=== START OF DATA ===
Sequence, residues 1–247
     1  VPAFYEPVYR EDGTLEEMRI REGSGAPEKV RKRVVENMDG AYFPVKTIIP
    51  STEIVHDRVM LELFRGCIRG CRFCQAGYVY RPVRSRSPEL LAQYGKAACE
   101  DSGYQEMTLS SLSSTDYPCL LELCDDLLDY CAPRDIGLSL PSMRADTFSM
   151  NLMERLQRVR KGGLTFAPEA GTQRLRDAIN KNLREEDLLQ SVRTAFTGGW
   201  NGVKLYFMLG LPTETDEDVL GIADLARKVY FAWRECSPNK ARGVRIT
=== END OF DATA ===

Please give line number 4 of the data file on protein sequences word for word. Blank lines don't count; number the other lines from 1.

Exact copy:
   101  DSGYQEMTLS SLSSTDYPCL LELCDDLLDY CAPRDIGLSL PSMRADTFSM